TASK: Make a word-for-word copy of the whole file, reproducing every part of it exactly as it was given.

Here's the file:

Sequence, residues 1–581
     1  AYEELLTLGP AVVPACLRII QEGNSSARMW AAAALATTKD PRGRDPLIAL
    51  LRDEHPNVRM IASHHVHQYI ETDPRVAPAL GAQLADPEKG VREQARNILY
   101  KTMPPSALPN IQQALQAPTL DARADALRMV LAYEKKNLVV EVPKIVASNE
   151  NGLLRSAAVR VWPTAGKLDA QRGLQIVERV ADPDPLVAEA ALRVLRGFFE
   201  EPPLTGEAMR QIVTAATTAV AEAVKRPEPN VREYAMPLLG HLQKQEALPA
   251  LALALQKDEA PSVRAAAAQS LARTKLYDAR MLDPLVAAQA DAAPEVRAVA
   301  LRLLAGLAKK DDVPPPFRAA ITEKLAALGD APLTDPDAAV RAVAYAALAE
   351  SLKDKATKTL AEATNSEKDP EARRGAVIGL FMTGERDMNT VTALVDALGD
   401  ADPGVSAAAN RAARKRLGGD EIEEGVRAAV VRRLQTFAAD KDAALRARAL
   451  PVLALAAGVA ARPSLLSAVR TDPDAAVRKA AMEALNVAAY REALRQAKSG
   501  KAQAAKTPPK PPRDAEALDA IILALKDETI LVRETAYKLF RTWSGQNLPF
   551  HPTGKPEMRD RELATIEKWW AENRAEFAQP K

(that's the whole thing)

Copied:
Sequence, residues 1–581
     1  AYEELLTLGP AVVPACLRII QEGNSSARMW AAAALATTKD PRGRDPLIAL
    51  LRDEHPNVRM IASHHVHQYI ETDPRVAPAL GAQLADPEKG VREQARNILY
   101  KTMPPSALPN IQQALQAPTL DARADALRMV LAYEKKNLVV EVPKIVASNE
   151  NGLLRSAAVR VWPTAGKLDA QRGLQIVERV ADPDPLVAEA ALRVLRGFFE
   201  EPPLTGEAMR QIVTAATTAV AEAVKRPEPN VREYAMPLLG HLQKQEALPA
   251  LALALQKDEA PSVRAAAAQS LARTKLYDAR MLDPLVAAQA DAAPEVRAVA
   301  LRLLAGLAKK DDVPPPFRAA ITEKLAALGD APLTDPDAAV RAVAYAALAE
   351  SLKDKATKTL AEATNSEKDP EARRGAVIGL FMTGERDMNT VTALVDALGD
   401  ADPGVSAAAN RAARKRLGGD EIEEGVRAAV VRRLQTFAAD KDAALRARAL
   451  PVLALAAGVA ARPSLLSAVR TDPDAAVRKA AMEALNVAAY REALRQAKSG
   501  KAQAAKTPPK PPRDAEALDA IILALKDETI LVRETAYKLF RTWSGQNLPF
   551  HPTGKPEMRD RELATIEKWW AENRAEFAQP K